Licence plates to be phased out, pilot of stickers with QR code being tested

Licence plates to be phased out, pilot  of stickers with QR code being tested

A motorist affixes a number plate on his vehicle in this file photo.


PHILIPSBURG--Motor vehicle owners will no longer be required to change their licence plates annually in the future, as plans are in the pipeline to phase out plates and replace them with stickers equipped with QR codes that can be scanned to determine whether motorists are up to date with their motor vehicle tax payments.

  Currently, government has begun a pilot programme to eliminate the need to renew licence plates annually, Finance Minister Ardwell Irion informed Parliament recently. He was responding at the time to questions from a member of parliament (MP) who asked, during the draft 2022 budget debate, about the phasing out of licence plates in 2023; whether it is budgeted and what the savings will be.

  Irion said the Ministry has already engaged with one of its major stakeholders in the justice system for feedback on the pilot programme and positive feedback was given. By July 2022 the Ministry will have sufficient data to confirm whether the pilot project will be ready for 2023.

  Irion said now that the payment of motor vehicle tax has been placed online, which he hopes everyone makes use of, the ministry was looking at what the next step would be. Given that there had been long-standing complaints in the community about the annual changing of number plates, this was looked at.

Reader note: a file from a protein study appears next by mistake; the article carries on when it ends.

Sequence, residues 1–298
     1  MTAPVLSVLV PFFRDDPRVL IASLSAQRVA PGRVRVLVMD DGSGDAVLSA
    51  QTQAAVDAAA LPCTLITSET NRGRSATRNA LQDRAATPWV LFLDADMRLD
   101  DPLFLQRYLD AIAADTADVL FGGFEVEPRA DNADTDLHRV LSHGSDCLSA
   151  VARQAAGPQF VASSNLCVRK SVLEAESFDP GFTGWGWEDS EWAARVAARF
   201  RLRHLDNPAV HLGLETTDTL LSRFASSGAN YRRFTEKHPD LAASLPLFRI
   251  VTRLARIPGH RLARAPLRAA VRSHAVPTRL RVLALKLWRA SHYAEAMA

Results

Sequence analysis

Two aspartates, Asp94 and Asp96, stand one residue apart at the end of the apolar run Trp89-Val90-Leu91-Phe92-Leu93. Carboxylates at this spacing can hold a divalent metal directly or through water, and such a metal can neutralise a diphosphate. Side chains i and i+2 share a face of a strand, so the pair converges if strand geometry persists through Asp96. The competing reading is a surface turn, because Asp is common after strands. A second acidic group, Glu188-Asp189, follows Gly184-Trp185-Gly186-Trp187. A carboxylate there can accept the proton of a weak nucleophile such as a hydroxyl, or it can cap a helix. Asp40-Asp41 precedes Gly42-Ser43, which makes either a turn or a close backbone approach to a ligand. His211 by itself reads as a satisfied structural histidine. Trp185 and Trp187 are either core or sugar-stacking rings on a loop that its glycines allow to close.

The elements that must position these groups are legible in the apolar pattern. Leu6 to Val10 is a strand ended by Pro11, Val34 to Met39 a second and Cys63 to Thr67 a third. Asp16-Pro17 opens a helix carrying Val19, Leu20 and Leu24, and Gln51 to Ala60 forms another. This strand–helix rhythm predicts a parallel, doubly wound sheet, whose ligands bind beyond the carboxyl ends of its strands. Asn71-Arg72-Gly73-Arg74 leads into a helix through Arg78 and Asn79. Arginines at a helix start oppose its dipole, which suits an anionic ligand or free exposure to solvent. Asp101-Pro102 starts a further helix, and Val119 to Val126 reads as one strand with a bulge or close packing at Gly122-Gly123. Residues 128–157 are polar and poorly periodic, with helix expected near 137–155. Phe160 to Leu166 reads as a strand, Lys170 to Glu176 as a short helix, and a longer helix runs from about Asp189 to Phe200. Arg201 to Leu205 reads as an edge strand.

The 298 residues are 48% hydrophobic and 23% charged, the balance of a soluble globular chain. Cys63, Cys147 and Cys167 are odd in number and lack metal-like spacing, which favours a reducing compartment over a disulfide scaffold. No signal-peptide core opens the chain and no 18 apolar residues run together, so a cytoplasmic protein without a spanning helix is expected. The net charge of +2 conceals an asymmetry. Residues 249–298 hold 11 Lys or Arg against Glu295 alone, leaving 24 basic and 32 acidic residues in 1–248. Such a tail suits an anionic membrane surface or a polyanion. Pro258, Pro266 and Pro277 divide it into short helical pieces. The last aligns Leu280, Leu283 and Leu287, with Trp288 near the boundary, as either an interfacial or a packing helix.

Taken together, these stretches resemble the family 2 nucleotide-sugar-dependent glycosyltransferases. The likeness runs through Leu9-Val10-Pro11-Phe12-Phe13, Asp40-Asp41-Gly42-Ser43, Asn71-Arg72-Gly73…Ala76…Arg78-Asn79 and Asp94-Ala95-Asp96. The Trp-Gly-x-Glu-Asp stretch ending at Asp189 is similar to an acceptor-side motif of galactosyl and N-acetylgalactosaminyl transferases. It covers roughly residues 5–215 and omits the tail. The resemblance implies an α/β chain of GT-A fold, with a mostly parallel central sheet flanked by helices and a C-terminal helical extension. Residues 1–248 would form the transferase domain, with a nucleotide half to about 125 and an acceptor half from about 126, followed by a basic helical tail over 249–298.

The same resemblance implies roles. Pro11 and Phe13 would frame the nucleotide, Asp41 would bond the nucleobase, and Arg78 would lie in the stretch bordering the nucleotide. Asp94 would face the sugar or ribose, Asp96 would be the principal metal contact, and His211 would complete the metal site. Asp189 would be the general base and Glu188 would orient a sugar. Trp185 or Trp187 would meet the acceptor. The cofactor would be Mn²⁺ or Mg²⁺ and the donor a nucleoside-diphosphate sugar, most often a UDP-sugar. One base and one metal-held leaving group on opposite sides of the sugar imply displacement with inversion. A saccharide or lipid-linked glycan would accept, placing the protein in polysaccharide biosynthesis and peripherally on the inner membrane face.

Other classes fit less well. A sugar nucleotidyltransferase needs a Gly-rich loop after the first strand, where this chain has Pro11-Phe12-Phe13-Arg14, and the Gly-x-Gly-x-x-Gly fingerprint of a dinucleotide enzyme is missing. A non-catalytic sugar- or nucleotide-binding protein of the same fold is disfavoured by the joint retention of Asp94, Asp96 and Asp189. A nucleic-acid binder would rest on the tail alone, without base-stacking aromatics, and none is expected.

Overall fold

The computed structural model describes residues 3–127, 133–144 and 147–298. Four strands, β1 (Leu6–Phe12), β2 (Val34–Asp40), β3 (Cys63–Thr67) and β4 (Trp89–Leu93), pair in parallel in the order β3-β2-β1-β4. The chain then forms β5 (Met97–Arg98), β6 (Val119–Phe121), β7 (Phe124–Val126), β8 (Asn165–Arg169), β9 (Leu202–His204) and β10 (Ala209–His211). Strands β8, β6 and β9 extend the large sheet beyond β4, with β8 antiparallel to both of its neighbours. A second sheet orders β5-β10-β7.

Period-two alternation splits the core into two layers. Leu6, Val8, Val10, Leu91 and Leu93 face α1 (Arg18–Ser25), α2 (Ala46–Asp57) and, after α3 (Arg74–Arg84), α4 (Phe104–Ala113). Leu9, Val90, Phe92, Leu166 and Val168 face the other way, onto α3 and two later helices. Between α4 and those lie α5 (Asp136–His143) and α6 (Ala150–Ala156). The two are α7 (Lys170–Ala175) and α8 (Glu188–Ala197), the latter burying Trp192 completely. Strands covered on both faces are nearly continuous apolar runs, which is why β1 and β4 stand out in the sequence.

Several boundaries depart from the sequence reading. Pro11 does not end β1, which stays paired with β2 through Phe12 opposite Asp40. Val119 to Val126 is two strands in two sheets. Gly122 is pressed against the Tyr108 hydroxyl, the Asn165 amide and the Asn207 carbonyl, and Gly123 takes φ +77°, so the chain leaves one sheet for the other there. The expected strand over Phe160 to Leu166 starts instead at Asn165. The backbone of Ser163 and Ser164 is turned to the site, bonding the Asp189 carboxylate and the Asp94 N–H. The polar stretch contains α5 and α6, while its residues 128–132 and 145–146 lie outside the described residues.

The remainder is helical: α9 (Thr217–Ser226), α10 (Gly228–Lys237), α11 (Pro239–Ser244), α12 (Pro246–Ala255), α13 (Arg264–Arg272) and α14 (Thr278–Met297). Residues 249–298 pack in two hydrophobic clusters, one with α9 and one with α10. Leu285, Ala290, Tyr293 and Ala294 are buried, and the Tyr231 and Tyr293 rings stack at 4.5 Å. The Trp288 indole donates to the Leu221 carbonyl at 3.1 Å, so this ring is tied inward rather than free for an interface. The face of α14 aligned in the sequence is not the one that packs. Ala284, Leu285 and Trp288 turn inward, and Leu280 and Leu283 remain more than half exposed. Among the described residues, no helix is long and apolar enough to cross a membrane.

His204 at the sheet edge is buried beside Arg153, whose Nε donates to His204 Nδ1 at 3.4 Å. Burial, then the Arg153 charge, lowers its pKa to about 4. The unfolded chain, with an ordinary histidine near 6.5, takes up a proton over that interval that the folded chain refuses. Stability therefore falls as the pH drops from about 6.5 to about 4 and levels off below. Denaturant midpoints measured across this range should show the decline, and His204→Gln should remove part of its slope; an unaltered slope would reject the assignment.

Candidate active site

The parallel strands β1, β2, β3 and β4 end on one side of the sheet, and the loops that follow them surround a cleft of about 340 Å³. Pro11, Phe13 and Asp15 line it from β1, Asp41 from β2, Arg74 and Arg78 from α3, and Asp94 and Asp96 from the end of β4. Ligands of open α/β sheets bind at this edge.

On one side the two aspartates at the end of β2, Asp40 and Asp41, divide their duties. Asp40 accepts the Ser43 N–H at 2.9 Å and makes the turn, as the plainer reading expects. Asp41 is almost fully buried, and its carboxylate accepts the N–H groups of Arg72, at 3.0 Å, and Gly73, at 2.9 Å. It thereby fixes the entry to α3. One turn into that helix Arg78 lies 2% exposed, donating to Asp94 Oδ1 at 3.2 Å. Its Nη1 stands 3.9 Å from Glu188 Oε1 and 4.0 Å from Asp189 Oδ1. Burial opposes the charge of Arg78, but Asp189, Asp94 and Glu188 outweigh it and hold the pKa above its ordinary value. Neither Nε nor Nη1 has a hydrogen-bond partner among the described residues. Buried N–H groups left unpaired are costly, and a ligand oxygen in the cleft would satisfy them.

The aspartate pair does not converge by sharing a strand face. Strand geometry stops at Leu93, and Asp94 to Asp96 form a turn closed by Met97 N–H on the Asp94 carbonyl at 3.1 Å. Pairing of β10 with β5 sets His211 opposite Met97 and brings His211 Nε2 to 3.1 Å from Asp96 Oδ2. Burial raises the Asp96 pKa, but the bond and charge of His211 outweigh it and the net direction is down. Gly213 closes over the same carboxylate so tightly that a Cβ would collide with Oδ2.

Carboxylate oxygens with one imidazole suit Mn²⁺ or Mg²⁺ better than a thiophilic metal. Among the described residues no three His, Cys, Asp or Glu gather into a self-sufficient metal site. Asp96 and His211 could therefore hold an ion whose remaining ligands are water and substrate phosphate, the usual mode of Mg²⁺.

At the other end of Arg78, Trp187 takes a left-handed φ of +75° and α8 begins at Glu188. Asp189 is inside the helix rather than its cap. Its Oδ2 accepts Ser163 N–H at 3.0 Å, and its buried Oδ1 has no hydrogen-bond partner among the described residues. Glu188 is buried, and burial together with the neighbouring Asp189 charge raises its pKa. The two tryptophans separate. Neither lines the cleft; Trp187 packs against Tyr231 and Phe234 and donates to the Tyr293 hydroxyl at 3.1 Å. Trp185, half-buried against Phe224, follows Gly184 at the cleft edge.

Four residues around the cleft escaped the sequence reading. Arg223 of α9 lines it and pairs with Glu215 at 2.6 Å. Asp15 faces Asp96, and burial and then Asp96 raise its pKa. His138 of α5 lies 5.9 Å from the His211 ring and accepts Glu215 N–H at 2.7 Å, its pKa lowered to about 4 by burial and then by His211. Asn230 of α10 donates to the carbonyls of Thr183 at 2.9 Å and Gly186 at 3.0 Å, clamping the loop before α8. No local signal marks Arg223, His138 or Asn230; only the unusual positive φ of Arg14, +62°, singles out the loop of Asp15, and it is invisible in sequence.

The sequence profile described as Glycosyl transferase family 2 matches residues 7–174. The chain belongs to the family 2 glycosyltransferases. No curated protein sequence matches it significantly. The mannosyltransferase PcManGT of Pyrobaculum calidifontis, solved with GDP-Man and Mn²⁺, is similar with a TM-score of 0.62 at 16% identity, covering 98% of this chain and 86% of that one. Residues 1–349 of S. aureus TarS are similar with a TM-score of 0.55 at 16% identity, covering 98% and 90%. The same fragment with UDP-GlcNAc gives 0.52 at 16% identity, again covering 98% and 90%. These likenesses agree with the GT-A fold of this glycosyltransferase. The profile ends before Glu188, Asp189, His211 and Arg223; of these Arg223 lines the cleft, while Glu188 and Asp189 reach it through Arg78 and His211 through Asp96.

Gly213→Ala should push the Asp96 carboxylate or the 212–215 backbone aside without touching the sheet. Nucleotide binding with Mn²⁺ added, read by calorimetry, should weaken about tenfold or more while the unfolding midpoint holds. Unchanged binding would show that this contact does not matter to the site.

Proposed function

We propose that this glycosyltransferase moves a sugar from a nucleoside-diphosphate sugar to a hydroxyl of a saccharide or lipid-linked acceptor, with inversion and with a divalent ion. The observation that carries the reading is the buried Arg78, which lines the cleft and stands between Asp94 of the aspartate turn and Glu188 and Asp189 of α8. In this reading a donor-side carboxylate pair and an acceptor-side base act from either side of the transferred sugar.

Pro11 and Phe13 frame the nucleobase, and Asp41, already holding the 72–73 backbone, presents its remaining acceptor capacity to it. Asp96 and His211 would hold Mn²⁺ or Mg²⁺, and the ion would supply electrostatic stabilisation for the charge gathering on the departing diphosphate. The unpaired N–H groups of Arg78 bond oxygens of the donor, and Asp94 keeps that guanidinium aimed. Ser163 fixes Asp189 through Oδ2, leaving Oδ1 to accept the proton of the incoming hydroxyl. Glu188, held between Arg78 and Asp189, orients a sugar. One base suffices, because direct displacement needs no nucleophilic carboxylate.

“What we did was we took advantage of the current technology, so the DCC [Digital COVID Certificate technology – Ed.] from COVID, the whole QR Code concept – we took that concept and we built upon that,” Irion said. “We currently have an app built for the Ministry of Finance. …  It says official road tax app,” he said, adding that the app is now in the BETA phase.

  “We had a meeting … with the Justice Ministry regarding this app and how we can use it with the Justice Ministry,” Irion said, adding that 10 police officers will be able to use the app to control vehicles in the pilot phase.

  For the pilot, a special sticker will be placed on 50 government vehicles. Ten fake stickers will also be placed on other vehicles. The size of the stickers has been reduced (compared to the stickers used in 2020). The stickers have a QR code on them. During a two-month trial period, officers will control the vehicles and scan them using the app. Information on the vehicle and its owner as well as information on whether the motor vehicle tax has been paid will immediately pop up when the vehicle is scanned.

  This new method is a more effective form of control and it would mean that police officers will then be able to spend more time doing other things that need their attention. “Controlling the motor vehicle tax payments can be done more efficiently with this method.”

  The ministry is looking into updating the software in the cameras on the public roadways to be able to read the QR codes on the stickers when a vehicle is being operated. When the QR code is read, information on the vehicle will pop up in the system and will indicate whether or not a vehicle is up to date with its road tax payment.

  The system can also be set to automatically send an email to the vehicle owner informing them that they are not up to date with their motor vehicle tax payment. Another feature that can be enabled is for the same message to be sent to the motor vehicle owner's WhatsApp number.

  It was suggested during the recent meeting with the Justice Ministry that the colour of the stickers be changed annually to facilitate easier controls.

The Daily Herald

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